Sermons from April 2022
John 13:1-20 We return to our studies in the Gospel of John this Sunday, a Gospel that invites us to Come and See who Jesus really is. Our text this week is the well-known text of Jesus washing the feet of his disciples. Would it be even more well-known, because it is in this scene where Jesus turns everything upside-down. He defines Lordship (even deity!) in terms of a towel, then defines what it means to be people of the towel. Join us this Sunday as we explore the foot-washing event by the foot-washing Lord.
Mark 16:1-8 As the saying goes, “It’s always darkest before dawn” — this was no less true that first Easter Sunday when Jesus’ followers woke up thinking He was still buried in the tomb. But as the Gospel of Mark reminds us, sometimes it’s pretty dark even after the sun has risen! This Easter coincides with a return to post-pandemic normalcy, but perhaps life still feels dark despite the sun. Come join us as we prepare to emerge together into the Resurrection life of Christ.
Ruth 4 In the final chapter we witness how Ruth’s courageous acts of hesed love propel Boaz to new levels of incalculable risk and joy of covenanted relationship that culminates in a “redemption” that outlasts history!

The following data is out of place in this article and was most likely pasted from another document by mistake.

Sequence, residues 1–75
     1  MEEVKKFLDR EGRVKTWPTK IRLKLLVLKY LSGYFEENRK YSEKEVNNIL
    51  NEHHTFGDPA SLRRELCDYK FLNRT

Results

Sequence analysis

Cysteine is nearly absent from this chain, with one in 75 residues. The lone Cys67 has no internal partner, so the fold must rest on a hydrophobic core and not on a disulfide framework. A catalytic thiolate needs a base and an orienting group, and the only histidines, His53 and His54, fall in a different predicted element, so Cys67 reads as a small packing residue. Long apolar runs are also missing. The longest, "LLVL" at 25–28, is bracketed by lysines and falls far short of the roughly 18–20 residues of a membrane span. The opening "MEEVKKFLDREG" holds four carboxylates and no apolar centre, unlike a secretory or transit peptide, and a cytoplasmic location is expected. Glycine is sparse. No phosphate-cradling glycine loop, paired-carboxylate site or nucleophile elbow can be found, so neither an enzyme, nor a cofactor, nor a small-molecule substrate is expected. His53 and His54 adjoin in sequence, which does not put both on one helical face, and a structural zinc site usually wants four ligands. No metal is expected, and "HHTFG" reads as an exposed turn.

Ruth 3 As we enter the third chapter of Ruth, we encounter more bold and daring examples of hesed (“unfailing love to the helpless”) that, at first glance, appear dangerous and deceptive—a midnight encounter on the threshing floor that is loaded with sexual overtones and double meanings. Warning bells go off—“Parents Be Warned: Mature Subject Matter.” True, the scene is riddled with sexual tension, but I believe we need to teach our children how God’s people are perpetually confronted with difficult situations and hard choices and how they must decide whether they will be guided by self-interest or hesed. The choices made by Naomi, Ruth and Boaz are exemplary and compel us to constantly re-negotiate the complexities of moral decision making in a world where everyone is in some way threatened or compromised. Carolyn Custis James suggests that this is “one of the most powerful gospel encounters between two people in all of Scripture.” I believe it also gives a radical understanding to what it means “submit to one another out of reverence for Christ” (Eph 5:21).